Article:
Amelia Township  

Amelia Township.

What:
Skirmish, Patriot militia vs. *Capt. Sharp, 1 June 1782

Other names: Sharp's Skirmish

Where:
33.726812 -80.644107, Sharp's Skirmish (JP)

Maps: [map notes]. Approximate boundaries.
  • 33.726812,-80.644107, Sharp's Skirmish (JP)
  • ACME Mapper.
  • National Map
  • Google
  • Confidence: 2 (of skirmish)
  • 33.773072,-80.656155, Amelia Township, point 1
  • ACME Mapper.
  • National Map
  • Google
  • Confidence: 3
  • 33.761339, -80.803409, Amelia Township, point 2
  • ACME Mapper.
  • National Map
  • Google
  • Confidence: 3
  • 33.645035,-80.926015, Amelia Township, point 3
  • ACME Mapper.
  • National Map
  • Google
  • Confidence: 3
  • 33.455727,-80.666006, Amelia Township, point 4
  • ACME Mapper.
  • National Map
  • Google
  • Confidence: 3
  • 33.574563,-80.520336, Amelia Township, point 5
  • ACME Mapper.
  • National Map
  • Google
  • Confidence: 3
  • Sources:

  • Amelia Township, approximate boundaries on modern map.

    Amelia Twp

  • Terry Lipscomb,"South Carolina Revolutionary Battles", Names in South Carolina, Vol.XXVII, p.35:
    About the first of June, Captain Sharp of the Loyalists encountered a party of Patriot militia who were en route from the Congarees to Greene's army; he charged and defeated them, killing four and dispersing the rest. This action took place in Amelia Township, or present Calhoun County.9

    9. The Royal Gazette, May 18, June 5, 1782.

  • Jack Parker, notes:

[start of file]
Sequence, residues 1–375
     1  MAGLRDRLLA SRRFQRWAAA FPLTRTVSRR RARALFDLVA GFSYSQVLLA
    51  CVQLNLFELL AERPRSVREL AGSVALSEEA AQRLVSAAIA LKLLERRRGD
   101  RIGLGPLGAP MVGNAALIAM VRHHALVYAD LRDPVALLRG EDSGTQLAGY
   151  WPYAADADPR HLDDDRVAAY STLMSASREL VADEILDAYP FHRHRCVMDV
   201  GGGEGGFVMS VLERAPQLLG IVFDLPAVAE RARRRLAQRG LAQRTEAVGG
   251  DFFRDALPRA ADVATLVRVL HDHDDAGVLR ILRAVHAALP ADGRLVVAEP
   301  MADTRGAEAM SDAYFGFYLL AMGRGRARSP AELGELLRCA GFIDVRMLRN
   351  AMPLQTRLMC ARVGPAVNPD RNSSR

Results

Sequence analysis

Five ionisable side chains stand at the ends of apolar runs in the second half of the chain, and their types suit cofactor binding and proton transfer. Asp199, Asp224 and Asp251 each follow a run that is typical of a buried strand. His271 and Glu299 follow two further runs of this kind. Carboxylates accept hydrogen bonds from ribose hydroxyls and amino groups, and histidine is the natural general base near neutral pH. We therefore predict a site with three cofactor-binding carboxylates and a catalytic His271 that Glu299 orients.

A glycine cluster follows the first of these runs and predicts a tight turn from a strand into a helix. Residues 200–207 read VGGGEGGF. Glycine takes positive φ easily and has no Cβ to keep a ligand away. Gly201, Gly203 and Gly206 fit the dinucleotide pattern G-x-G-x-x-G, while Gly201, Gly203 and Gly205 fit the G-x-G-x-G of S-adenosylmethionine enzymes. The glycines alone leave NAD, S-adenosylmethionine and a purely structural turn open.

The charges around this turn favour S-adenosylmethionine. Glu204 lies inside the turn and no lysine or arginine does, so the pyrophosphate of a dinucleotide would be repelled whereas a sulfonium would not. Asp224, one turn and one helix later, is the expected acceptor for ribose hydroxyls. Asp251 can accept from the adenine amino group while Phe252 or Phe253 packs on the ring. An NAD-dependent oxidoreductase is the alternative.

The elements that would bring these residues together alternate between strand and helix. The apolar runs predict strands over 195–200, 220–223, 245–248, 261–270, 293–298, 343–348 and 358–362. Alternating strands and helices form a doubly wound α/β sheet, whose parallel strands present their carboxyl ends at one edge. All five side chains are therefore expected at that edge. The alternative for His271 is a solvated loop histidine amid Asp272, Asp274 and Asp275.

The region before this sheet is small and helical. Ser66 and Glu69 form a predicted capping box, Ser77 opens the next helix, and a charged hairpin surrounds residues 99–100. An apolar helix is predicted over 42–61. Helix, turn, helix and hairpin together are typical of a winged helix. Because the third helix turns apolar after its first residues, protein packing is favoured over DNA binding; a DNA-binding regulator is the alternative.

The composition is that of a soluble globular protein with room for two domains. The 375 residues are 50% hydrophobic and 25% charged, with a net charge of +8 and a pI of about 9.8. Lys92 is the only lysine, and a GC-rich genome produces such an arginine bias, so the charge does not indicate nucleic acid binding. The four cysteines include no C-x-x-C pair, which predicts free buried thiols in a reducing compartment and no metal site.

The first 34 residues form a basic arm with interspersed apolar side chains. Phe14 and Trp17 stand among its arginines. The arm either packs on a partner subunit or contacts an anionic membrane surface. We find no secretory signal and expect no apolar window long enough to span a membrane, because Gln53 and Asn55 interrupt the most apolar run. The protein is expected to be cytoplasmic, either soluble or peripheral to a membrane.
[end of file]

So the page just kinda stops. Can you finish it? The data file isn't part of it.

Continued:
... it was located on the Congaree in Calhoun County in the vicinity of Tom's & Griffin's Creeks. Patriots were on the way from the Congarees (Saxea Gotha) to Gen. Greene, when attacked by Capt. Sharp. Skirmish was in Amelia Township.
    ...
    "Cedar Creek cuts across the lower part of the county and flows into the Congaree River after joining Tom's Creek [Both in Richland County]. Obviously Cedar Creek got its name from the cedar trees along its banks. Tararara Branch below Mill Creek was on the property of Colonel Wade Hampton. Other early names are: Pole Bridge Creek, Rives Creek, Griffins Creek and Little Creek; Dry Branch, Piney Branch and Horse Pen Branch. It is said that Mrs. Sarah Thomas Hopkins raised horses on the latter branch for General Sumter's and General Marion's armies and from this it got its name.19 Reference: Names in South Carolina, XIII, p.17

    Soon after the Revolutionary War, Colonel Wade Hampton (1752-1835) came to live in Richland County and purchased many thousands of acres of land. Much of his property extending from Gill's Creek in the Garner's Ferry Road area to the swamplands of the Congaree River, was obtained through the South Carolina Land Act of 1785. With Colonel Thomas Taylor and Timothy Rives he bought a tract of 18,500 acres at ten cents an acre, Colonel Taylor retained a portion of the upper part of the tract and Colonel Hampton became owner of the balance.70 Archive Names in South Carolina, XIII, p.20

  • "A History of Amelia Township, South Carolina"

  • Archive Names in South Carolina, Vol. XII, Winter 1965, p.45ff., "Calhoun County Plantations of St~ Matthew's Parish Near The Congaree.Santee River".

  • "The story of Orangeburg-Calhoun continued:". An account of Amelia Township during the American Revolution.

  • Archive "Alphabetical List Of Battles During The Revolutionary War" lists:
    Amelia Township (aka Dean's Swamp / John Town), South Carolina, 8 May 1782 [This is believed to be error for Amelia Township]

  • NBBAS:Four. p.73
    Amelia Township, South Carolina, 1 June 1782
    Revlist post

  • RevWar75  
  • listing. 5/24/1782 John Town (Dean's Swamp). American victory. [This believed to be error for Amelia Township]
  • listing. 6/1/1782 Amelia Township. British victory.

    Related sites: Dean Swamp [This believed to be error for Amelia Township],   Fort Motte,   Belleville,   Manigault's Ferry,   McCord's Ferry,  

    Submitted by: John Robertson

    Confidence level: See above.

    11-30-16